WaveShop is unusually fast, because unlike many audio editors, it stores the entire document in memory, and performs all editing in memory. This speed comes at the cost of increased demand for memory however, which is why users are strongly encouraged to use the 64-bit version if possible.

Many audio editors were designed around the limitations of 32-bit Windows, and consequently store audio primarily on disk, swapping it in and out of memory in small chunks as needed. This bottleneck increases complexity and reduces performance, needlessly given current technology. WaveShop assumes that 64-bit Windows is here to stay, that machines with at least 8GB of memory are already common and will become more so, and that 32-bit limits will soon go the way of floppy disks.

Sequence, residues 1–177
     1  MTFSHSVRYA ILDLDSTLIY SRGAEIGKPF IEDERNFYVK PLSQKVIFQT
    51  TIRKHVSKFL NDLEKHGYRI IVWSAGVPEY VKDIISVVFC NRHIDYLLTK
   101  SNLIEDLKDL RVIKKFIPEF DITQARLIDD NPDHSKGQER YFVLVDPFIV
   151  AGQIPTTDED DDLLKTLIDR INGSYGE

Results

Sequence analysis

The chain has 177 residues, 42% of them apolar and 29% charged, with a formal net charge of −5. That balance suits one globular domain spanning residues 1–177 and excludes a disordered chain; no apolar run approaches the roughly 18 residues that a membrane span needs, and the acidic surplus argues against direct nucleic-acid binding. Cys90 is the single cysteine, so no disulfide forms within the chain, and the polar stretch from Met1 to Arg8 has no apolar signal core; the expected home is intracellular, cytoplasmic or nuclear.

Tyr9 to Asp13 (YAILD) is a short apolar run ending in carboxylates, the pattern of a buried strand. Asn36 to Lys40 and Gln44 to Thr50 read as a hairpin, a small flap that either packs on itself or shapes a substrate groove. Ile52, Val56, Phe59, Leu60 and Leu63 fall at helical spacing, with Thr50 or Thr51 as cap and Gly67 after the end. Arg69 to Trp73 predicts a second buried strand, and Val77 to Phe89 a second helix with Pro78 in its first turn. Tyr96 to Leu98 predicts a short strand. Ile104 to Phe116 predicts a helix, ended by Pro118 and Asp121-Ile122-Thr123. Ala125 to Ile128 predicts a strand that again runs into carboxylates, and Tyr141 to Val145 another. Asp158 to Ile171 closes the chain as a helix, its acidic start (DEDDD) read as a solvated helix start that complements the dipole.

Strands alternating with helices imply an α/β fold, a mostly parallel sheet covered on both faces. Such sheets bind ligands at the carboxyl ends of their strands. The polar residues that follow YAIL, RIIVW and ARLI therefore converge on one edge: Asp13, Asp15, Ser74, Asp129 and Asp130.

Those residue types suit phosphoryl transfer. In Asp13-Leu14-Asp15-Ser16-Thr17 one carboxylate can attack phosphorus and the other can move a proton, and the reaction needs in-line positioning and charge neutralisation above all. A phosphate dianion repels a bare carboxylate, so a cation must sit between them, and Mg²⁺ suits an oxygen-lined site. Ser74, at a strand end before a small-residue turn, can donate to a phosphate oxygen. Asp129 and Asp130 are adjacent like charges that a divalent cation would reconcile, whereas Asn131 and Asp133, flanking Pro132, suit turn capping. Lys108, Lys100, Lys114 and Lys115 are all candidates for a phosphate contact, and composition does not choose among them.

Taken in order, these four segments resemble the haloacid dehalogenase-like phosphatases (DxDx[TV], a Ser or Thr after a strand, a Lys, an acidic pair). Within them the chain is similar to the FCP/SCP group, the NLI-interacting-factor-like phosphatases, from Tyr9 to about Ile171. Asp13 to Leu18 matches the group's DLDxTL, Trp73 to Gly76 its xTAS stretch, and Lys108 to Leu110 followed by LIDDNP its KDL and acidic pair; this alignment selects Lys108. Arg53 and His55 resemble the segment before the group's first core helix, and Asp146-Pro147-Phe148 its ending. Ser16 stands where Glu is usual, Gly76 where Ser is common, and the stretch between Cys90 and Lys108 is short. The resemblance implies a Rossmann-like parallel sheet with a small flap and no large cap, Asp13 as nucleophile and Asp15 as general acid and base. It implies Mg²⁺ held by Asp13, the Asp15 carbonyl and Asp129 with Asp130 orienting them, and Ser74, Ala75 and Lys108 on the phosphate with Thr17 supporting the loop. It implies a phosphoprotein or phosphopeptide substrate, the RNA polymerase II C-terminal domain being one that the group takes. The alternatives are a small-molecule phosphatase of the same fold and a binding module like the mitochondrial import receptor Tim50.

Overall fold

By default, the clipboard and undo history are stored on disk, however you can opt to store them partially or entirely in memory in order to increase performance; see disk threshold for details. Note that this increases the risk of running out memory, and is definitely not recommended for 32-bit users.

Users of 32-bit Windows should avoid running other apps simultaneously with WaveShop, and may want to try adding the /3GB startup switch to their Startup Options (boot.ini). This switch squeezes the OS into 1GB, thereby potentially making as much as 3GB available to applications, though your mileage may vary.